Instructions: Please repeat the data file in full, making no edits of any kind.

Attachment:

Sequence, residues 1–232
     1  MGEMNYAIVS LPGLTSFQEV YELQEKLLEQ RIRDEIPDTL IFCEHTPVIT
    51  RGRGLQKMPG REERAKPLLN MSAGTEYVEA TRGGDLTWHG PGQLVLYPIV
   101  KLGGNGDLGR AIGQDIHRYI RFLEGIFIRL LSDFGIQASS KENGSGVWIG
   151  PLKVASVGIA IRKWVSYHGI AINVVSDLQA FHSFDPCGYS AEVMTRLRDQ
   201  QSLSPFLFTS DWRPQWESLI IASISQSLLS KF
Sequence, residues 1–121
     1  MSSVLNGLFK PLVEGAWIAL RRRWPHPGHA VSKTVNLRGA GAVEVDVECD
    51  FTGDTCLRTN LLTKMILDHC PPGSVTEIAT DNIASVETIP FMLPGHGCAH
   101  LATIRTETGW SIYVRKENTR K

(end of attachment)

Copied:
Sequence, residues 1–232
     1  MGEMNYAIVS LPGLTSFQEV YELQEKLLEQ RIRDEIPDTL IFCEHTPVIT
    51  RGRGLQKMPG REERAKPLLN MSAGTEYVEA TRGGDLTWHG PGQLVLYPIV
   101  KLGGNGDLGR AIGQDIHRYI RFLEGIFIRL LSDFGIQASS KENGSGVWIG
   151  PLKVASVGIA IRKWVSYHGI AINVVSDLQA FHSFDPCGYS AEVMTRLRDQ
   201  QSLSPFLFTS DWRPQWESLI IASISQSLLS KF
Sequence, residues 1–121
     1  MSSVLNGLFK PLVEGAWIAL RRRWPHPGHA VSKTVNLRGA GAVEVDVECD
    51  FTGDTCLRTN LLTKMILDHC PPGSVTEIAT DNIASVETIP FMLPGHGCAH
   101  LATIRTETGW SIYVRKENTR K